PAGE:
I suspect we might have to cope with more atrocities as the world has become a more dangerous place. How we respond will determine whether we are agents of hope or not.

I pray for the people of Berlin. And Turkey. And Russia. And Syria. And England. And so on. But, it is prayer that commits me not to withdraw, but to engage with the mess of it all.

Donald Trump plays into that bizarre American obsession with 'safety'. You paint America as a dangerous place where before even catching a train you have to be persuaded that it is a safe thing to do. You then demand a president who will make America safe as well as 'great' again.

Which means what? What would it look like for America to be 'great' again? Or 'safe' again? We don't get answers – just the usual perversity when it comes to asserting that more accessibility to more guns will magically make everyone safer.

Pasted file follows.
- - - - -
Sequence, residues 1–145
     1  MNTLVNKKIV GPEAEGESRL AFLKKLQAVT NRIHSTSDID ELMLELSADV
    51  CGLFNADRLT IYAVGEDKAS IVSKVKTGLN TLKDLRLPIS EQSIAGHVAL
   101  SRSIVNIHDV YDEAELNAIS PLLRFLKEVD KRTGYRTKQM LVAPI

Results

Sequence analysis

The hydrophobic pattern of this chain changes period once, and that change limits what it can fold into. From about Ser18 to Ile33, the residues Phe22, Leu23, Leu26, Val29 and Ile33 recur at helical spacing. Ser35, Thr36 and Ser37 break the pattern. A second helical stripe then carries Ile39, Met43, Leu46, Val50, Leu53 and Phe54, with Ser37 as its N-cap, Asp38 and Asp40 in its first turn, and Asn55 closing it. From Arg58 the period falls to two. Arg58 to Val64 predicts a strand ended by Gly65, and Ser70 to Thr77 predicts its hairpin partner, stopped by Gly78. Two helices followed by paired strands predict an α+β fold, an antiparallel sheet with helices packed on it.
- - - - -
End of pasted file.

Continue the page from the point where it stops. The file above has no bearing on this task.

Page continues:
Well, Americans will have to do their own business in the face of its Faustian pact with democracy in November. But, this impacts on the UK, too. Before leaving for a break I did an interview with BBC Radio 5Live in the wake of the murder by IS crazies of an elderly priest in France. Not exactly heroic, these criminals, are they? I mean, choose your targets.

The line of questioning put to me was that churches in England will now have to increase their security. What advice would I now be giving to my churches? I think my response must have been very disappointing. Increase vigilance and learn to look differently at what is going on around us, but don't go mad, start erecting fences or putting sentries on our churches. As if.